Mystery Naval Mine In Puget Sound Was From Navy Exercise That Occurred Over A Decade Ago
There are more of these thankfully inert objects in the area and the Navy will now survey the waterway and remove any others it finds.
After a swift investigation into the matter, the U.S. Navy has concluded that a naval contact mine that surfaced in the Puget Sound near Naval Base Kitsap in Washington State was a relic from a technology demonstration exercise that the Naval Undersea Warfare Center held in 2005. The service confirmed that the mine, which looked like something out of a World War II movie, was inert, but it still posed a hazard to navigation and it will now conduct a thorough survey of the area to locate any other remaining mines from the event.
The mine first appeared off the coast of Bainbridge Island in the Puget Sound on Aug. 28, 2018. The Coast Guard cordoned off the area until the Navy sent in explosive ordnance disposal personnel to carefully assess the object and tow it to Port Orchard Bay, where they blew it up on Aug. 29, 2018.
"This exercise [in 2005] was an opportunity for academia to demonstrate various Unmanned Underwater Vehicles and their capability to detect underwater objects and avoid submerged obstacles," the Navy said in a release, according to the Kistap Sun. The service had placed a number of inert mines underwater for the event and had apparently assumed they would stay submerged.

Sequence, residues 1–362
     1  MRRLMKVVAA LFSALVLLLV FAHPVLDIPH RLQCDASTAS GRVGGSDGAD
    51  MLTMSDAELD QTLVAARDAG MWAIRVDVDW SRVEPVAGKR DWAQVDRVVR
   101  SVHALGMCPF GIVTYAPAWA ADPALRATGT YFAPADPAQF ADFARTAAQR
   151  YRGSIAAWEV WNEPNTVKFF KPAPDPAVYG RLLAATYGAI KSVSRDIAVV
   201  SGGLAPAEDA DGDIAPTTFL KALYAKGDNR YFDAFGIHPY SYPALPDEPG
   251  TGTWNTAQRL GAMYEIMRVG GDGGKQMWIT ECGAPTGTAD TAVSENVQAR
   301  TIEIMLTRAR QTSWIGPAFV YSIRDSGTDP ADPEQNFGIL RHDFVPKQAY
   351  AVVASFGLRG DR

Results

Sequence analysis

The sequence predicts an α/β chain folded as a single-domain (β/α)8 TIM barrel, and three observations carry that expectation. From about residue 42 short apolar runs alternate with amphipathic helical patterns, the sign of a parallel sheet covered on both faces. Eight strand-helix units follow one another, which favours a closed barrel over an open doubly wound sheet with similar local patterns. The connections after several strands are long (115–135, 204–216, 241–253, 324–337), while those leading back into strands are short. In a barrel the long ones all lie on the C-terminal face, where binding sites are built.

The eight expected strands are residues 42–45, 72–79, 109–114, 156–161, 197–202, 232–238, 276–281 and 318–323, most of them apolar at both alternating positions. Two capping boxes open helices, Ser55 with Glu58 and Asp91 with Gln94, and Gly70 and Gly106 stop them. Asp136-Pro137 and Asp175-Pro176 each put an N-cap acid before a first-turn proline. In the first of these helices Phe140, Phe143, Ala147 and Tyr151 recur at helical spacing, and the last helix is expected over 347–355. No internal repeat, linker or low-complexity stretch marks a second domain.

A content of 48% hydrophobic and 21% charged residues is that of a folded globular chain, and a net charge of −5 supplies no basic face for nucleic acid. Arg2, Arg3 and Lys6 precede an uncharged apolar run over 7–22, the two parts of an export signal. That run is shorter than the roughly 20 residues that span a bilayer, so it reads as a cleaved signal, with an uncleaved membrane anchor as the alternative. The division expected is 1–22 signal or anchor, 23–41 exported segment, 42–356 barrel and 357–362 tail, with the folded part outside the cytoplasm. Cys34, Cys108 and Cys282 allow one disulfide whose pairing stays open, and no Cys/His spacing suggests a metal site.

The Navy did not say what exercise in 2005 the mine was from specifically, but a very likely candidate would be Autonomous Undersea Vehicle (AUV) Fest 2005, which the National Unmanned Undersea Vehicle Test and Evaluation Center (NUTEC) hosted in June of that year. At that time, NUTEC was a part of the Naval Undersea Warfare Center, which is itself located at Naval Base Kitsap.
A map of the event's test areas shows one that is almost perfectly aligned with where the mine appeared. The participants, which included teams from the Massachusetts Institute of Technology (MIT) and the Woods Hole Oceanographic Institution, fit with the Navy's description of the event offering academic institutions an opportunity to show off their underwater robotics developments.
Since 2005, the Naval Undersea Warfare Center, as well as the Navy as a whole, has significantly expanded its unmanned undersea vehicle efforts, including the development of new systems and tactics, techniques, and procedures for using underwater drones, especially to hunt for mines. Earlier in 2018, the Navy's also stood up its first ever formal underwater drone squadron, Unmanned Undersea Vehicle Squadron One (UUVRON 1), at Naval Base Kitsap. This unit is assigned to the secretive Submarine Development Squadron Five (DEVRON 5), which oversees a number of specialized undersea elements, including the USS Jimmy Carter spy submarine.
Maybe hunting for any other leftover mines from AUV Fest 2005 will turn out to be a good opportunity for another training exercise for UUVRON 1 and other elements of the Naval Undersea Warfare Center, as well as the Navy's explosive ordnance disposal community.
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